Musings of a Former Vegetarian (without a current label)

 

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I decided, age 11, that I wasn’t eating meat.  Not no more.  Not no how.  My mother was horrified and thought I would die of malnourishment.  To be fair to her, she learned to cook a few staple dishes: her version of a veggie paella (with burnt tomatoes that tasted surprisingly good) and a cheese, potato and onion bake.  We also discovered pasta – a never seen before carb’ in our potato dominated house.

As you will note, I lived!  I soon found out about various aspects of nutrition, which sparked a life-long interest (and various certificates along the way) in diet, food and cooking.  The average supermarket didn’t have ‘veggie options’ in the early 70’s and meat-spurners were forced to buy weird things from wholefood shops that were packed in brown paper bags.  You had to be creative and engaged to survive without turning into a lentil-eating, sandal-wearing hippy.  As an up-coming teen, that was definitely not a cool vibe.  Rose Elliot, and later Sarah Brown, were my lifelines.  I cooked every recipe in those original books, discovering the amazing array of plant based foods, without the need for weird things from hushed wholefood emporiums.

I remained a vegetarian for over 30 years, fairly strictly.  I was never a vegan, I relied on eggs too much, but I’ve since dabbled with vegan cooking and enjoy the challenge from time to time, although not as a permanent lifestyle choice.  Being a vegetarian definitely made me more adventurous than my meat and two-veg mates, though it by no means guarantees a healthy lifestyle.  Over dependence on dairy can be a recipe for weight gain, and eating vegetarian versions of junk food – pizza, chips, convenience foods – will leave you equally lacking in vital nutrients and  as drowning in surplus calories as your carnivorous counterparts.

I didn’t make a conscious decision to stop being a vegetarian. I simply decided to add a little fish protein to my diet at a time when I was unwell and needed to make an extra effort to look after myself.  I’m not saying that you can’t be healthy and look after your nutritional needs on a plant based diet – I did it for over 3 decades.  What I am saying is that for me, eating sustainably sourced fish was something that I incorporated into my diet and found I enjoyed.

When I moved to the Highlands of Scotland I decided to try wild venison.  A healthy and sustainable option for meat protein.  (The deer need to be managed, to some extent, to keep numbers supportable in the environment, and make sure weak herd members don’t starve in harsh winters. ) So, I enjoy some locally caught and butchered wild venison occasionally.  And occasionally is the key word.  My diet is still largely based around vegetables meals, with one fish dish a week and a meat meal very rarely.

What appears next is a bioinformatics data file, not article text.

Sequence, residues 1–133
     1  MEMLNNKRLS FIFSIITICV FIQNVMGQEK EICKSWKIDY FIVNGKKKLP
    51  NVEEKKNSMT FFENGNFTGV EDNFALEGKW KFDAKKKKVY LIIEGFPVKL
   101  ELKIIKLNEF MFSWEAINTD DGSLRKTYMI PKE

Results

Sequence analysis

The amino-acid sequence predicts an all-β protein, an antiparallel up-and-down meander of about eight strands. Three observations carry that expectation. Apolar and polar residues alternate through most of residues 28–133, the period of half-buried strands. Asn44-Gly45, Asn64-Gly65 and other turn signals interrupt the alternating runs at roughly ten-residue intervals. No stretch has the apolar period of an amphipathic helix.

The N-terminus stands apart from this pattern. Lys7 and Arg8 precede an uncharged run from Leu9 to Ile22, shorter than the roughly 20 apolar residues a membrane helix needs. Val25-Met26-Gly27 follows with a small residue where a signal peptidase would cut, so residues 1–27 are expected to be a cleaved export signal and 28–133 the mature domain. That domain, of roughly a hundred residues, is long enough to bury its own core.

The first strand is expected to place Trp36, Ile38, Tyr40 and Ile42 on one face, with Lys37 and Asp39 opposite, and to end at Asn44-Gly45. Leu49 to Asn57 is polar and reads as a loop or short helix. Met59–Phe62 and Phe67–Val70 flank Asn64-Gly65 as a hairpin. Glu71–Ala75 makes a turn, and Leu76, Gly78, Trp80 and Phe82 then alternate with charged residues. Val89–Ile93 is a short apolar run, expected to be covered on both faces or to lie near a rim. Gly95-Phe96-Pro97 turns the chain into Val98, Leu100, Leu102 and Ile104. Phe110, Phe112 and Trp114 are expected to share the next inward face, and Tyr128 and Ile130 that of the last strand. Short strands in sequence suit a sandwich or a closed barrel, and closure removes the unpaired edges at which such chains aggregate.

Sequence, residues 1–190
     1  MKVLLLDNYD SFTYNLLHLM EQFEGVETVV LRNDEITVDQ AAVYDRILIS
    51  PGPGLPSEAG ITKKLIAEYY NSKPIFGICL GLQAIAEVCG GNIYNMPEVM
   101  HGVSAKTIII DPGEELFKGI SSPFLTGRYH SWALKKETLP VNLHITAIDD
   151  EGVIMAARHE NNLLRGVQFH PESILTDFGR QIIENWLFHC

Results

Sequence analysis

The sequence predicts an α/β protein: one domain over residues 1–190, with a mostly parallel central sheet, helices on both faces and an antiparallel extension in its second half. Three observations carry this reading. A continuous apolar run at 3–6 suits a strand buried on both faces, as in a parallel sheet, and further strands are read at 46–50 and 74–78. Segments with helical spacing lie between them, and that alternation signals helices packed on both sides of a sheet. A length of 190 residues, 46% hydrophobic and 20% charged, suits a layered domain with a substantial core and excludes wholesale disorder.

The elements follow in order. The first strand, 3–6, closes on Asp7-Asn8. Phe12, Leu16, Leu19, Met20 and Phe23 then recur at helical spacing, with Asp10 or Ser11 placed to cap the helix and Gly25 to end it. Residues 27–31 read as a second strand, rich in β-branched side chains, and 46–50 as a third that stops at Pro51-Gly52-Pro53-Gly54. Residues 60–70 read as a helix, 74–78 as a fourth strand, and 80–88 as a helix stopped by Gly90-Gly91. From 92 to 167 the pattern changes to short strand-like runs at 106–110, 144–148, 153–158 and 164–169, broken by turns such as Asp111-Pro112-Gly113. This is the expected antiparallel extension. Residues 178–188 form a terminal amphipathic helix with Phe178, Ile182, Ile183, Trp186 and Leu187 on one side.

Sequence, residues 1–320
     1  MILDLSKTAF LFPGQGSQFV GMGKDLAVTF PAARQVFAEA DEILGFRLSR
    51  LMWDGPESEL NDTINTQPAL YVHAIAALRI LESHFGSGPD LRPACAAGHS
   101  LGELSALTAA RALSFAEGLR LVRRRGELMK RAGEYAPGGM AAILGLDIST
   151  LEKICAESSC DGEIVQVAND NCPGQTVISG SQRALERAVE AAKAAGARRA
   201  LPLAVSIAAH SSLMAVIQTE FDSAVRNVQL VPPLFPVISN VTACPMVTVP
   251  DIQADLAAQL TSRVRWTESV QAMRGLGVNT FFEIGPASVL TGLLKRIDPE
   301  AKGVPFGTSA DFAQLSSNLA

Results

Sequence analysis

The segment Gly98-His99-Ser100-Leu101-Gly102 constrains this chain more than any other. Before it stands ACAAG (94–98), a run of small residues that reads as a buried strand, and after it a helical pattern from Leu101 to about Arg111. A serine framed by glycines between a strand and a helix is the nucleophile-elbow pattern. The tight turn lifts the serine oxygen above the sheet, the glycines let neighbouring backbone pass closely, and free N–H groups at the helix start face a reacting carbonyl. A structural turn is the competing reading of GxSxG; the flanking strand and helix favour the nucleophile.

There is absolutely no doubt that in the UK we all need to reduce our meat consumption.  The current levels are not sustainable.  There are issues with the conditions of animals reared in other countries. There are issue with transportation of livestock. There is also some question as to the ultimate healthiness of a high meat protein diet. Above all there are environmental issues with excessive meat consumption, where land is given over to growing meat, when it would be better used for growing crops. However, it is also true that there are areas of the UK where crops cannot be grown.  Some areas of the highlands are prime examples.  The land is designated as ‘rough grazing’ and the fact is that you couldn’t grow crops on it if you wanted to.  In this instance, ruminating animals are the best way of turning poor grassland into a viable protein source.  If we all reduce our meat consumption and concentrated on buying better quality grass-fed UK animals, we could do a lot better by our farmers, who often struggle to turn a living, never mind a profit.  Farmers in the highlands, along with crofters, have always struggled with the poor land and the harsh environment, if they were supported with better networks and better prices, we could be self-sufficient in beef and lamb, without the need for imports.

Raising meat well takes time and effort.  The inputs are greater and it costs more, but it is a better option than antibiotic laced, GM fed imports.  I appreciate not everyone can afford the price of an organic chicken or a slow-growing grass-fed piece of beef, but if you only ate it once a month, once every few months, it would make it more likely.